Friday, October 5, 2012

Actuarially, Romney is 75% more likely to die in office

Having taken (and passed) the actuarial exam on life contingencies a mere 18 months ago, I started wonder: which of these guys, if elected president, is more likely to die in the next 4 years?

My final best estimate answers are Barack Obama has a 5.6% chance of dying, and Mitt Romney has a 9.7% chance, roughly 75% higher.

Read on for more details.

Actuarial standard of practice (ASOP) 23 is about data quality. It has been one of the subjects of my recent course work. One of the key principles, regarding missing data, I would distill to the following sentence: When you don't have all the data you need, fill in the blanks with your best honest estimates, then be realistic and transparent about their limitations.

This exercise is a good real-life application of that principle. I will piece together data from various sources to:
1) Calculate the odds of males the same age as Obama and Romney living the next 4 years
2) Make adjustments based on this specific situation

Life Tables
Social Security life tables work the following way: imagine a population of 100,000 live births, then ask how many of that 100,000 are, on average, alive after each year? The following numbers started at 100,000 (back at age zero) and have fallen off each year:

Mitt Romney is currently 65. To calculate how likely someone in this population is to live from age 65 to age 69 you subtract the number still alive at 69 from those who were alive at 65 to find the number who died in the interim. Then divide the number of deaths by the population alive at 65. I'll restate the same process in the form of these two equations:

Repeating the math with Barack Obama's age (51) gives 2.7%

An average 65 year old has a 7.4% chance of dying by age 69, Mitt Romney is 65.
An average 51 year old has a 2.7% chance of dying by age 55, Barack Obama is 51.

The next step is to make adjustments based on this specific situation. I explore the need for an adjustment based on the following:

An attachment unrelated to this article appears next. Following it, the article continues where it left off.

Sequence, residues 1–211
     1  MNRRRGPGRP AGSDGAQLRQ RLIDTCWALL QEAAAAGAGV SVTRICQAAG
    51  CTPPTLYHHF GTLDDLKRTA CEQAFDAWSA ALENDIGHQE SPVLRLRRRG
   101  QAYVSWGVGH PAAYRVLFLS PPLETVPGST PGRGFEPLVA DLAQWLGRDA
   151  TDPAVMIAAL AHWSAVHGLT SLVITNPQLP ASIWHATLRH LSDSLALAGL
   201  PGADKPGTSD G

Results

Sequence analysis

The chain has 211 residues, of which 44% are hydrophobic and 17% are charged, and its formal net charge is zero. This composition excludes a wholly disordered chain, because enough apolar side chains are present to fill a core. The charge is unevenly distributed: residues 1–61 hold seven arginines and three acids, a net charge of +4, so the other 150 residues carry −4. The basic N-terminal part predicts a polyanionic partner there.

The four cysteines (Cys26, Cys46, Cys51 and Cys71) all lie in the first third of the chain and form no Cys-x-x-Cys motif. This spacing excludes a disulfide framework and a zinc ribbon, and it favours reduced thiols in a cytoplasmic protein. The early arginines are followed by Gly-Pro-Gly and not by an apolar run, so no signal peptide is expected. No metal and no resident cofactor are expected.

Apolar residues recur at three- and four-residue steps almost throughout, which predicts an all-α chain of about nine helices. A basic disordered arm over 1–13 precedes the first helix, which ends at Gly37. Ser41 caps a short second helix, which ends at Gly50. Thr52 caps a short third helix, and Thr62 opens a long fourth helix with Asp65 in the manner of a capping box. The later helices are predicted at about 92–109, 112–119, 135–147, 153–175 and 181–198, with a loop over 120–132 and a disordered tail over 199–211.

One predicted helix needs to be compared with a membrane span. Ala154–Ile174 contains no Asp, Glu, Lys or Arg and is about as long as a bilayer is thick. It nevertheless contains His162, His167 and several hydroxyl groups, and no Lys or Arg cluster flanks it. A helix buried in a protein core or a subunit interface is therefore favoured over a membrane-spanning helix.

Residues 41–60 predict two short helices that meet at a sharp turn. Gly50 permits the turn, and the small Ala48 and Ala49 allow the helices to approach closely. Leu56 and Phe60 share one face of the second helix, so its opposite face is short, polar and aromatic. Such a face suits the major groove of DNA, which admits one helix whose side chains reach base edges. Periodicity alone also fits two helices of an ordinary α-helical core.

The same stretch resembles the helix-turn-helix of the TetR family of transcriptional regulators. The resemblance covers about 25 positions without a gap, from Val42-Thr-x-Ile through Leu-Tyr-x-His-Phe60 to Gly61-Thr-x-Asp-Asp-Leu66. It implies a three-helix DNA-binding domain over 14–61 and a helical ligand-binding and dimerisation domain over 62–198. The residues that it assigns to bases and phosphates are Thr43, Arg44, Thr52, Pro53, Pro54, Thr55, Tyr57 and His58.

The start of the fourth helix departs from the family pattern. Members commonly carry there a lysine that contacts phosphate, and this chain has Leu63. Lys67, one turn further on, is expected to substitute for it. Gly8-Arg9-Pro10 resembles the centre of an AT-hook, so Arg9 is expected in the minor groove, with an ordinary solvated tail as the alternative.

1) Barack Obama used to smoke
2) Presidents get assassinated
3) Being president is stressful and aging
4) Presidents have access to excellent health care

1) Barack Obama used to smoke
According to this article the president quit smoking recently. He was a smoker for 30 years, but had smoked infrequently since his first presidential run in 2007 (a few cigarettes a day). According to this article the average smoking adult smokes 5,772 cigarettes per year (holy! that's 15/day), and each one takes, on average 11 minutes off his or her life.

Assuming he smoked 3 cigarettes per day from 2007 and 2010 and 5,772 per year each of the 26 years before that. he's smoked 154,452 cigarettes, which have taken, at 11 minutes/cigarette, a little over 3 years off his life.

Based on this, in doing the life table work I treat President Obama as 3 years older than he actually is.

2) Presidents get assassinated
The USA has had four presidents assassinated. They were:

  • Abraham Lincoln in 1865
  • James A. Garfield in 1881
  • William McKinley in 1901
  • John F. Kennedy in 1960
Historically, being President of the USA has been a very dangerous job. The fatality rate of 5,211.6 per 100,000 workers dwarfs "America's most dangerous job" (fisherman, 121.2 fatalities per 100,000 workers)

Using historic probabilities, I would need to add 9.1% to the mortality probability for each candidate to account for assassinations. However, secret service procedures have improved significantly since the late 19th century. I don't think asking the secret service how much would get me anywhere, so I'll estimate.

Even since the 1960s protection procedures have improved (i.e. the president no longer rides around in a convertible). Since the late 1800s they have improved dramatically. I've settled on an estimate of 75% improvement, that is - President Romney/Obama is 1/4 as likely to be assassinated as the historic rate of 9.1% would imply.

3)Being president is stressful and aging
4) Presidents have access to the best medical care

There's not been a good study conducted on the combined effects of presidential aging and improved healthcare that I'm aware of. The sample size is just prohibitively small. Instead I take a high-level approach. All presidents lived to at least 40, so I researched what were expected lifespans at age 40 throughout history, and compared each president's outcome to his time-period.

The data are noisy, but presidential lifespans don't appear markedly different from the average lifespans for the time. I'm comfortable calling 3 and 4 a wash.

Putting it all together, age, smoking, presidential danger I get the following:


  1. But a total of 8 have died in office, out of 44, for a historical probability of 18.19%. Seems like you might be missing a factor of two.

    1. Good question, thanks.

      Item 2 deals with assassinations specifically. Those other four deaths are lumped into items 3/4 in the presidential mortality and is it different from the public at large.